“Can you help me?” Sadie leaned in, her voice barely a whisper.
“Yes, of course.” The woman straightened. “I know right where it is. It’s a shame about that place. Beautiful yard, though.”
“What? What do you mean it’s a shame—”
The woman’s gaze caught sight of something at the back of the room. “Why, there’s Dustin! He’ll be able to help you. He’s your new neighbor, after all.” She stood up on her toes and waved frantically to some unknown person in the back of the room. “Yoo-hoo! Dustin! Come over here for a minute, will you, honey?” the clerk shouted very unlibrarian-like across the small room.
Sadie cringed and twisted to look over her shoulder to see who the clerk was beckoning.
A man in the back of the room looked up, startled. His dark eyes darted right to left as though he was looking for an escape. Realizing he was caught, he came forward grudgingly.
Sadie watched as the most striking man she had ever laid eyes on strode toward her, his long legs carrying him smoothly across the floor. His features were ruggedly handsome with coal black, tussled hair that teased the nape of his neck, a day’s worth of stubble graced his chin, and his piercing blue eyes flashed a warning that said he was in no mood to be troubled.
Sadie ducked her head so he couldn’t see her face, but continued to appraise him out of the corner of her eye. From her vantage point, she admired his athletic build, his tanned, sinewy arms and the way his tight black T-shirt fit snuggly across his rock hard chest. He was leggy, lean and all Amazon, making Sadie want to sink her teeth into him. Thankfully, she resisted.
“Dustin,” the librarian announced sweetly, “this is…” She turned to face Sadie again. “I’m sorry, what did you say your name was?”
“I didn’t.” Sadie caught herself. Her fear was making her act irrationally. Nobody here was out to get her. Just act normal. “It’s Rach—er, Sadie. Sadie Davies.”
“Davies?” the woman repeated, squinting thoughtfully. Then with a shake of her head, she dismissed whatever thought had momentarily intrigued her.
“Miss Davies just bought the Old Cuthbert place,” the librarian gossiped. “It looks like the two of you are going to be neighbors. Isn’t that wonderful?”
Dustin glanced down at Sadie briefly. His eyes were not amused. Sadie looked awkwardly at the floor, and neither of them said anything.
“Miss Davies here has landed in town without any means of transportation, and then when I saw you lurking over there like a gargoyle, a brilliant plan came into my head.”
The gorgeous hunk standing next to Sadie sighed with impatience. “I wasn’t lurking, Evelyn, and—”
“Seeing as you have to drive past her place to get home, wouldn’t it be convenient to drop her off? Maybe the two of you will hit it off.”
“No. I…” Sadie tried. She noticed that her handsome new neighbor was also about to protest, when they were both cut off by Evelyn’s enthusiasm.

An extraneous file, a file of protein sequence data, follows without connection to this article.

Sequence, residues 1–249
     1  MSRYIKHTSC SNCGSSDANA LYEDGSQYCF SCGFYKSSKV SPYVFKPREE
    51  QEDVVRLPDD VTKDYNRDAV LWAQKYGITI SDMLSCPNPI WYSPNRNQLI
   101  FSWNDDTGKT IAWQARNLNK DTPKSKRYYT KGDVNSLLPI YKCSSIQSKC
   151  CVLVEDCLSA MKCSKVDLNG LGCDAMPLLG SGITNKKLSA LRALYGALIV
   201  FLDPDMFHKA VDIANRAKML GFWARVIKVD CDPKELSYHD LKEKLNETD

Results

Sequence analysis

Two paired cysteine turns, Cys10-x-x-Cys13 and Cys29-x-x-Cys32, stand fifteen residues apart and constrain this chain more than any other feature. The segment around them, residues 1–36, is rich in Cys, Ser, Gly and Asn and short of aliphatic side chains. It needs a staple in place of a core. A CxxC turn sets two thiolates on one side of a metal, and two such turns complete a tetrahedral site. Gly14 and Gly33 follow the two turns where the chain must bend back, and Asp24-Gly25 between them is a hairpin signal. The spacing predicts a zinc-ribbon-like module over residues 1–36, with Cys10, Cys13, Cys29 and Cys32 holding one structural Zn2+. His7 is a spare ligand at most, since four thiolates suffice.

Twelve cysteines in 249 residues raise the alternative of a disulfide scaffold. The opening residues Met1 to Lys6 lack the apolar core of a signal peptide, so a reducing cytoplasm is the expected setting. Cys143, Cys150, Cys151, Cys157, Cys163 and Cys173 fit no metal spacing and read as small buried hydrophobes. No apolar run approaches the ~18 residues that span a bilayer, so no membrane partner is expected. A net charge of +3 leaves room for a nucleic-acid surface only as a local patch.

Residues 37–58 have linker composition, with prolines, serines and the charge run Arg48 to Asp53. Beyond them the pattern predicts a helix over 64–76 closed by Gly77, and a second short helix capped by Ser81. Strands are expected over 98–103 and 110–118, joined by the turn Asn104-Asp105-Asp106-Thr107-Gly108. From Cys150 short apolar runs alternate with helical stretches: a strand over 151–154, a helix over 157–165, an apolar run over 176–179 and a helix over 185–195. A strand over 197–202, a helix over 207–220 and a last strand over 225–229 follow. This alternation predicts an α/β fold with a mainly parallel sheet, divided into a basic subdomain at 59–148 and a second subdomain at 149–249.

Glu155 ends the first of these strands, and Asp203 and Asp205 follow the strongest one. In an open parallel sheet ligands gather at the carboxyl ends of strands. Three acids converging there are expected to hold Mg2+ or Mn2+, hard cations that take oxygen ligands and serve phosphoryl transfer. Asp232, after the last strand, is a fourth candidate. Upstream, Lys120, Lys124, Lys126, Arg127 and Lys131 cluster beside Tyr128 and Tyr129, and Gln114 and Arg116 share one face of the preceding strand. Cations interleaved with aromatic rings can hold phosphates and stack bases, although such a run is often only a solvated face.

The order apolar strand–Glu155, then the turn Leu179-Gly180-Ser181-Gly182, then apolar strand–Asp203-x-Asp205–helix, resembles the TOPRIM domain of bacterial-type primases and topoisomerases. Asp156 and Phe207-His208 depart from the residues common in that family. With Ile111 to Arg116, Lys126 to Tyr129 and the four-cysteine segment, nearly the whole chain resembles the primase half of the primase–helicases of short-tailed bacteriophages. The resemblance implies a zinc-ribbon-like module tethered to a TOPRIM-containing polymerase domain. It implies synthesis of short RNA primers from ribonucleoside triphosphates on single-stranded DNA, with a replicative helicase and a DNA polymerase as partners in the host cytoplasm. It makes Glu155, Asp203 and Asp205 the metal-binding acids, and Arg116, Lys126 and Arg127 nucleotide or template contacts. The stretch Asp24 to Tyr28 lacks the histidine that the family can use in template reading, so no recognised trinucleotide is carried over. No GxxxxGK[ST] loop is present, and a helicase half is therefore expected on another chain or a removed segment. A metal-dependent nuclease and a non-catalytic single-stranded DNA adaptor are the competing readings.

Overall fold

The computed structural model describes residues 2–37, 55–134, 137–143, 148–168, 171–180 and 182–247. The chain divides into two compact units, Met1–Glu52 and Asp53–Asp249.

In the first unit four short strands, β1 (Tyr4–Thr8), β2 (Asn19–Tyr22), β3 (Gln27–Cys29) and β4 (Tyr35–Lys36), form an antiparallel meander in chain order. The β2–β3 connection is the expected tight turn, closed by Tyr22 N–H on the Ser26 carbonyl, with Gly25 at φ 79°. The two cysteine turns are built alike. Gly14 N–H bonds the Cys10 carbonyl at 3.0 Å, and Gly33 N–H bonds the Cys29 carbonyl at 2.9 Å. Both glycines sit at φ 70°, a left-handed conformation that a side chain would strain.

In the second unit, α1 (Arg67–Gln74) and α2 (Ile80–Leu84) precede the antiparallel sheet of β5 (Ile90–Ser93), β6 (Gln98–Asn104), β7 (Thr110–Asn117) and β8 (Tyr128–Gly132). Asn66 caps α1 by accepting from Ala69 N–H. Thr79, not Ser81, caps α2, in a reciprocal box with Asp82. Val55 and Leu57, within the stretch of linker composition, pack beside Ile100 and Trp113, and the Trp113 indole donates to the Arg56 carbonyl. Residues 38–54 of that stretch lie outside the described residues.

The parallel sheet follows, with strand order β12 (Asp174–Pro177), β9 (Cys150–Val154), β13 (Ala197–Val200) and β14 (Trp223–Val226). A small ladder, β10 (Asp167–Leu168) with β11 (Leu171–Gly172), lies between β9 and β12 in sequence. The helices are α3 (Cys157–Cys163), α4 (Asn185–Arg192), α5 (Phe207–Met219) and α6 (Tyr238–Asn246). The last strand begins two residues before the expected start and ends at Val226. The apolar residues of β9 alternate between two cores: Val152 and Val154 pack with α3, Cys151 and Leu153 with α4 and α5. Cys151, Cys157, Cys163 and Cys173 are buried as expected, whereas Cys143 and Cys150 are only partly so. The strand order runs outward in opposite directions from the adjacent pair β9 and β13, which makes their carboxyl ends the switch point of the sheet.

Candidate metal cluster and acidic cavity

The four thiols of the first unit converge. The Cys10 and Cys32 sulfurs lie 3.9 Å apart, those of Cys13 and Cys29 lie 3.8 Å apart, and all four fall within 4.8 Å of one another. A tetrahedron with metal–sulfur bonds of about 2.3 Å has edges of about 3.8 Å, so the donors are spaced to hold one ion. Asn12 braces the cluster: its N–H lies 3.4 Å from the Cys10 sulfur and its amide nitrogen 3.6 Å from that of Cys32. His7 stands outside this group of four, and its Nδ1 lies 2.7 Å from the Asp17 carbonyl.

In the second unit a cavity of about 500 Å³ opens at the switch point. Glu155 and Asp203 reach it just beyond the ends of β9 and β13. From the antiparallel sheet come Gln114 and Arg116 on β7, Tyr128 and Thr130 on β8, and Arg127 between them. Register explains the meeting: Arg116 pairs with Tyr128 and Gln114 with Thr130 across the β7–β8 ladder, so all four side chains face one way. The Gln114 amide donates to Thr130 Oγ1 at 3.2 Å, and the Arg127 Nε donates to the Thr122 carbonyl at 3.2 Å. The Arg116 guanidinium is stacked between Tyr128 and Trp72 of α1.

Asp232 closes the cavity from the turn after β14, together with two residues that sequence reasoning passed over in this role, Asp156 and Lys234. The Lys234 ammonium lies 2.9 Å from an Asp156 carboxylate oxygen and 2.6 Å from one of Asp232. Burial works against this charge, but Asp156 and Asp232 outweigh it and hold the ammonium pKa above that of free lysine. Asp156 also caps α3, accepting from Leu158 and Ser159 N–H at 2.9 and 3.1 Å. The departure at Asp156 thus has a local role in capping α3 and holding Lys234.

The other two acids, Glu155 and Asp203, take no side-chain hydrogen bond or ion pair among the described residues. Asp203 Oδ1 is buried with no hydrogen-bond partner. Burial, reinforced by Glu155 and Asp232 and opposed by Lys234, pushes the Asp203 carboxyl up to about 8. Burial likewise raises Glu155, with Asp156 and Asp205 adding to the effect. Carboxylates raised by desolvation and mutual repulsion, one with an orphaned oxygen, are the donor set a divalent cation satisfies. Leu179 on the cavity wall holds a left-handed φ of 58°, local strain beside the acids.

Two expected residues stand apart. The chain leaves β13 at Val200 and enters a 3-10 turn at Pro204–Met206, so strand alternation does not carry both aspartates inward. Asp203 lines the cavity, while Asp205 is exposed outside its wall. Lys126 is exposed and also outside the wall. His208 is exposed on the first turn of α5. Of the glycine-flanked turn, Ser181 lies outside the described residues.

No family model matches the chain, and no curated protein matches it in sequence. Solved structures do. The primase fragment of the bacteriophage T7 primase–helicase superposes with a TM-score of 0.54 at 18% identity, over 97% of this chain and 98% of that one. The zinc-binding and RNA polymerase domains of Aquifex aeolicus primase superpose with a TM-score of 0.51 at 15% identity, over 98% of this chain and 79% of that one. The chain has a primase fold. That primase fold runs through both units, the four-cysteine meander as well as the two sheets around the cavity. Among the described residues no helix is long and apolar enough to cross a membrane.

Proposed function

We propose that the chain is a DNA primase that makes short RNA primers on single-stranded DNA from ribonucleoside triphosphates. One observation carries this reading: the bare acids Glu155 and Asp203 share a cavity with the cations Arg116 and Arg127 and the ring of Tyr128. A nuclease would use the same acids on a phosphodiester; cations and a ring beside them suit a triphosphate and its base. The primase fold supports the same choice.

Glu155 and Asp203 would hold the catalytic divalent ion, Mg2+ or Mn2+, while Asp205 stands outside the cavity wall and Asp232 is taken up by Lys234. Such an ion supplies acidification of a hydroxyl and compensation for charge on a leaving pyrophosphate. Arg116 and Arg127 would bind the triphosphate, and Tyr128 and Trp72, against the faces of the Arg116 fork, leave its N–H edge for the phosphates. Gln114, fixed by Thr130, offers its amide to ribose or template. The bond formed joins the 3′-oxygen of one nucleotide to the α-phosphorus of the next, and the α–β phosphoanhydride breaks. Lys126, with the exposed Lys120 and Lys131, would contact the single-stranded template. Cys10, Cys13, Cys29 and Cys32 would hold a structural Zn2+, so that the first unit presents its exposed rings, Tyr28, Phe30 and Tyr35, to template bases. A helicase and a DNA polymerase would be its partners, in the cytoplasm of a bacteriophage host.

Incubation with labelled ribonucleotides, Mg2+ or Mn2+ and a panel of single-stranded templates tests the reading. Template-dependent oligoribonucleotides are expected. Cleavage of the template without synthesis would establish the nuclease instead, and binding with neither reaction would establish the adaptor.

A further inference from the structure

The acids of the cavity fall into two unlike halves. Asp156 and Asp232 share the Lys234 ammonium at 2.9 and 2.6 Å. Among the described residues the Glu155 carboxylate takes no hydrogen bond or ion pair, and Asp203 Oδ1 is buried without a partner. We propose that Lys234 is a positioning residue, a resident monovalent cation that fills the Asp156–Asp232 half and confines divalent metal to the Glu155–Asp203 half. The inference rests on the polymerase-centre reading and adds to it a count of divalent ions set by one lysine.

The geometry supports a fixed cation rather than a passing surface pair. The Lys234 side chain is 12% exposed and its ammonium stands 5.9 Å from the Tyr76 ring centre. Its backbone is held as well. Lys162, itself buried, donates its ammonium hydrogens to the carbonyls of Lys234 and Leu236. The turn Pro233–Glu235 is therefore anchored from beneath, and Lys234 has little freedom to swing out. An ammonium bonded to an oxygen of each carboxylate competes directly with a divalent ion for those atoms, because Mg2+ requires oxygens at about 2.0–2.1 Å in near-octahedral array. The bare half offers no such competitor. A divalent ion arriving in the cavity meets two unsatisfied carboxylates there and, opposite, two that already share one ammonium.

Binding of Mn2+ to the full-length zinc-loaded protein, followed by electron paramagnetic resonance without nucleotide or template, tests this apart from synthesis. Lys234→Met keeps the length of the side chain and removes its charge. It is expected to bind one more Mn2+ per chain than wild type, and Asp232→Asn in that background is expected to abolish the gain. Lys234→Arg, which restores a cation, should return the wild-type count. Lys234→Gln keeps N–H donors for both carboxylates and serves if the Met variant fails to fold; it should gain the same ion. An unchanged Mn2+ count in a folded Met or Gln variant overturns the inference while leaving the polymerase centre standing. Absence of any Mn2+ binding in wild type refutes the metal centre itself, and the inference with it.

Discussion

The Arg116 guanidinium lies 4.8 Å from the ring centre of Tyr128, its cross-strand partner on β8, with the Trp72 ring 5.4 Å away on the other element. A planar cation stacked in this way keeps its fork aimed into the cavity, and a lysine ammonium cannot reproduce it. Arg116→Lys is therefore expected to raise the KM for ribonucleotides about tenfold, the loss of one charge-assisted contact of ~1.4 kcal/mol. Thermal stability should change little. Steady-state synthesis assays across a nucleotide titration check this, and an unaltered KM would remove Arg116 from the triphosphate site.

“Do you have much to carry?”
“No, this is it.” Sadie lifted her shopping bag.
Dustin looked at the bag with a frown. His displeasure roiled off of him in waves.
Sadie rubbed her temple, fearing a headache would soon be upon her.
“You’ll do it, won’t you, Dustin, for me?” The older woman batted her lashes as though it would win him over.
Sadie watched the man named Dustin grimace then nod with reluctance. “I need to sign this out before we go.” He threw his movie across the counter, and Evelyn eagerly went to fetch the DVD.
“You really don’t need to do this,” Sadie whispered once the librarian was out of range.
“I’m aware of that,” the man answered, his voice cold.
“This wasn’t my idea, she just rambled off like a—”
“It’s actually not what I want anyway. I had planned to rent a vehicle and—”
“Rent?” He scoffed and turned to her. She ducked her head so he couldn’t see her face. “From where?” He shrugged, seeming exasperated.
Taken aback by his hostility, she fell silent, scowling at him beneath the brim of her hat. He may be good looking, but he sure was frosty.
“There’s no place you can rent a vehicle around here except maybe from Len Freeman’s, and then you’re looking at a grain truck or a bob cat,” he said.
Sadie sighed, regretting having ever step foot in the building. “I admit I hadn’t planned out every detail of this trip.” She glanced over her shoulder. “But at least I got this far. Thanks for agreeing to help, but I’ll figure out my own way home, even if it means I have to walk.” She turned to walk away, but a large hand touched her arm and stopped her. A jolt of electricity ran through her; the contact was so unexpected, she nearly cried out.
His hand jerked away. “Hang on.”
She turned back to face him and noticed he was rubbing his wrist as though it stung.
He looked at her strangely in a mixture of amusement and puzzlement. “I’m not going to let you walk. First of all, I’d never hear the end of it once the Ladies’ Auxiliary got wind of it, and second, it’s spring, in case you haven’t noticed. It’s not that warm out yet, not to mention it’s more than ten miles to a farm you don’t even know how to get to.”
Firming her jaw, she resigned herself to accept the ride. She would figure out the rest later. Right now, all she wanted was to get off the street so Horace couldn’t track her down.